Is the Black Quarterback Revolution Going to Last?

Seattle Seahawks quarterback Russell Wilson scrambles against the Tampa Bay Buccaneers during the second half of an NFL football game, Sunday, Nov. 3, 2019, in Seattle. (AP Photo/John Froschauer)

The N.F.L.’s longtime leading men, the ones with the pizza commercials and the Super Bowl rings, whose names adorn the league’s most-sold jerseys, showed their mortality this season in ways that were uncomfortable to watch.

Tom Brady and Drew Brees didn’t make it through the first round of the playoffs. Aaron Rodgers missed the Super Bowl, too, by losing in a later round. Eli Manning retired, usurped as the Giants’ leader after 16 years. Ben Roethlisberger played like he should be considering it, too.

Together they helmed 12 of the last 18 Super Bowl-winning teams. And all are pushing 40 years old or past it.

Yet their aging out of the game leaves no void, as these playoffs have highlighted the rise of quarterbacks whose savvy and daring have stolen our attention. Russell Wilson’s third-down scramble to survive the Philadelphia Eagles, Patrick Mahomes’s bionic touchdown run for the Chiefs against the Tennessee Titans, Deshaun Watson of the Texans’ magical escape from a sack to beat the Buffalo Bills. Everything that Lamar Jackson did.

These quarterbacks are creating our new collective football memories. They are the ones from whom we dare not look away — and they are each black, leading at a position that historically has been off-limits to any man who was not white.

The smattering of black men who have risen to and excelled at the quarterback position were subject to stereotypes, slurs and targeting on the field when they did get the chance to play. And those opportunities seemed to be parceled by an unspoken “one-at-a-time” approach, which heaped the burden of progress on whichever black quarterback broke through in a given era. Doug Williams. Warren Moon. Randall Cunningham. Steve McNair. Donovan McNabb. Michael Vick. Colin Kaepernick.

Jackson won the league’s Most Valuable Player Award on Saturday — only the third time a black quarterback has done so outright. The win, following last year’s winner, Patrick Mahomes, makes this the first time in the league’s history that black quarterbacks won in back-to-back years.

“I mean, it shows you how the game has evolved and how no matter where you come from you can go out there and play the position you want to play and have success doing it and you don’t have to do it in a certain way,” Mahomes said in an interview on Thursday, just days before his Chiefs were to take on the San Francisco 49ers in the Super Bowl.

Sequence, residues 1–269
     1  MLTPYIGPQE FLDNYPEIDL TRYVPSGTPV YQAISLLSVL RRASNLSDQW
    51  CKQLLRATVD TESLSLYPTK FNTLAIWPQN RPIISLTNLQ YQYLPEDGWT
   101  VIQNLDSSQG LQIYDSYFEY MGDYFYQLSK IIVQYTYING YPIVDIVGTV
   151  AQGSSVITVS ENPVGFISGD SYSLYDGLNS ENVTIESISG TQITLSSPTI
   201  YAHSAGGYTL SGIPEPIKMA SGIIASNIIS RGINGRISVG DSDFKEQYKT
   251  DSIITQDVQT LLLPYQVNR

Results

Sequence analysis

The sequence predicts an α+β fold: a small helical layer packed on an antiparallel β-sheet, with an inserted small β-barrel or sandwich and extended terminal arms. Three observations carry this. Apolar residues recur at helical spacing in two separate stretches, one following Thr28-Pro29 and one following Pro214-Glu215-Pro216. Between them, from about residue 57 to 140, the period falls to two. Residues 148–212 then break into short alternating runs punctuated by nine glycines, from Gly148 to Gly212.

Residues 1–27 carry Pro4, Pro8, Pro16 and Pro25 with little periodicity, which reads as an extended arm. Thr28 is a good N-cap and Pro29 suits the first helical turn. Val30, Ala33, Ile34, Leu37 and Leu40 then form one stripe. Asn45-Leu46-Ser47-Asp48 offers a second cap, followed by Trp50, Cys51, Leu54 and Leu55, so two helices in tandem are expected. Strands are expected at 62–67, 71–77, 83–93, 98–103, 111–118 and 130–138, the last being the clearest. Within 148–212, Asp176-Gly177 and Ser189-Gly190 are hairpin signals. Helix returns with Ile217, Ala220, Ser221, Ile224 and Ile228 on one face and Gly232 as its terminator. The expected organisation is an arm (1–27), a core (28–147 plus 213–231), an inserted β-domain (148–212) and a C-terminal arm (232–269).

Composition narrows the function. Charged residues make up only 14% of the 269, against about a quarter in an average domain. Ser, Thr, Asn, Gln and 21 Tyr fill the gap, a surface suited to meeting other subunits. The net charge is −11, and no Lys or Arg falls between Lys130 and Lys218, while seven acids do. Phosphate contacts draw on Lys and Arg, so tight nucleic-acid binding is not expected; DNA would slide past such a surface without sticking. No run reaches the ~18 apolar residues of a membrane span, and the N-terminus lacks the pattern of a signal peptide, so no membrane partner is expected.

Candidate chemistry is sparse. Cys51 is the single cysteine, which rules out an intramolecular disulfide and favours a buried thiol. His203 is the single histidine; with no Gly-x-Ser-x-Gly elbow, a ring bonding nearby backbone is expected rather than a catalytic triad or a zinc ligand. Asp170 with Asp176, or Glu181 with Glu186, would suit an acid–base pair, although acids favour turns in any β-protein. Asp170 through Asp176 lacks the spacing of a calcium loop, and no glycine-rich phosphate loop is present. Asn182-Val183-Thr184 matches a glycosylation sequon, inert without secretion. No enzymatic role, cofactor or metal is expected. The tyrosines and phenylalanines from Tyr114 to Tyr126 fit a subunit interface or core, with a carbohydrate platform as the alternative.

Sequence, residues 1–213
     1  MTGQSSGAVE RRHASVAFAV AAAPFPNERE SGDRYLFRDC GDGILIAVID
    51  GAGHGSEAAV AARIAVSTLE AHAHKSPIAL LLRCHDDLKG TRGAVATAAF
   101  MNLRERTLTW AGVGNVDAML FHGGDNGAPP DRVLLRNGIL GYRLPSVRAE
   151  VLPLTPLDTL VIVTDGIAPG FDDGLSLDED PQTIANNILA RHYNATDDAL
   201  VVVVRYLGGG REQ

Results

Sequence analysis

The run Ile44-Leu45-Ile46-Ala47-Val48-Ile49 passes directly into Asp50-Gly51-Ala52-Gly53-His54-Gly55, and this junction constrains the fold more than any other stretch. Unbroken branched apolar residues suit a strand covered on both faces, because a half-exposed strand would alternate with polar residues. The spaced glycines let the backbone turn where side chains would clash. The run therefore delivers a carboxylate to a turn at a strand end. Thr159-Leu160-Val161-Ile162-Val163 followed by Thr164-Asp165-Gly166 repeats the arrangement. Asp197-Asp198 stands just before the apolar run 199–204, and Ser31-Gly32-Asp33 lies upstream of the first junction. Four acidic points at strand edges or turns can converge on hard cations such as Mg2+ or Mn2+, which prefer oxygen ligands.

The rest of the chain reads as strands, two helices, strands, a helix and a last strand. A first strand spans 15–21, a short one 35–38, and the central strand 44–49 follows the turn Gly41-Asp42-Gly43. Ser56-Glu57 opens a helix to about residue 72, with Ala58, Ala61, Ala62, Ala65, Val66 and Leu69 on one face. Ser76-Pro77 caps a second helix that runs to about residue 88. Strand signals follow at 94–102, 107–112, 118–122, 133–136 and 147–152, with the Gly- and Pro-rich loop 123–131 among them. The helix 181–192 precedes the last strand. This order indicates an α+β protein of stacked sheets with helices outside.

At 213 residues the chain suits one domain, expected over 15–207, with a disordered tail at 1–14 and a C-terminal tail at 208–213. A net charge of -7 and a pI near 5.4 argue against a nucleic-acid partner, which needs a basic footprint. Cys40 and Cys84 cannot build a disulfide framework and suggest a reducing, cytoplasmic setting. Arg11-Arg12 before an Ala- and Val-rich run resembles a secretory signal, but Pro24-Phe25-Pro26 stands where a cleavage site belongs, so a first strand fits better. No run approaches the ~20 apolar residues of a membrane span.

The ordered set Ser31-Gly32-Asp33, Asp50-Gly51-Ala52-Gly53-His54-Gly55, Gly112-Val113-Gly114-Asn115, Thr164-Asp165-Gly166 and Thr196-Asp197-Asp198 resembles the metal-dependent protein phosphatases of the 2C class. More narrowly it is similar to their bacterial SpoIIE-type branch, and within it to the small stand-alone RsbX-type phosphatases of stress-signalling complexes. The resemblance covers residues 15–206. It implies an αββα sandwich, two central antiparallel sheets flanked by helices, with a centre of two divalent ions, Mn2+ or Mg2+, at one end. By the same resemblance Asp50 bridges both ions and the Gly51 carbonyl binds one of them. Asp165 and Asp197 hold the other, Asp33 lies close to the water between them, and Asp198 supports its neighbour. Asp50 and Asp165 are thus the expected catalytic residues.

This time around, there is enough of a plurality to point to a pervasive change at the position, and not just among the game’s elite. In 2019, there were 12 black quarterbacks who started N.F.L. games, one shy of the watermark reached in five seasons in the early 2000s. But this season’s quarterbacks started a record 138 games, continuing an upward trend of black quarterbacks who sustain rather than spot-fill the role for franchises.

Reversing a long history of being denied the chance to play, black quarterbacks are the most vital change agents of this era of football. But for as much as they may be celebrated, their arrival has stirred a lot of questions not easily answered. The most pressing: If this is a watershed moment in N.F.L. history, what can we expect on the other side of change?

The league, and football in general, has a long history of stacking — funneling players to positions based on racial stereotypes — that kept black talent away from “thinking” positions like middle linebacker and center for decades. Essential to the game itself and to its lore, the quarterback position has been the last role unlocked for black players, who make up 70 percent of the N.F.L.’s labor force, for much the same reason that the other positions finally were: the game had to embrace elite players who are black or face stagnation.

That welcoming has upended stereotypes about black quarterbacks being naturally superior athletes preferable only for their ball-carrying ability and not intellectually strategic game managers.

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Source: The New York Times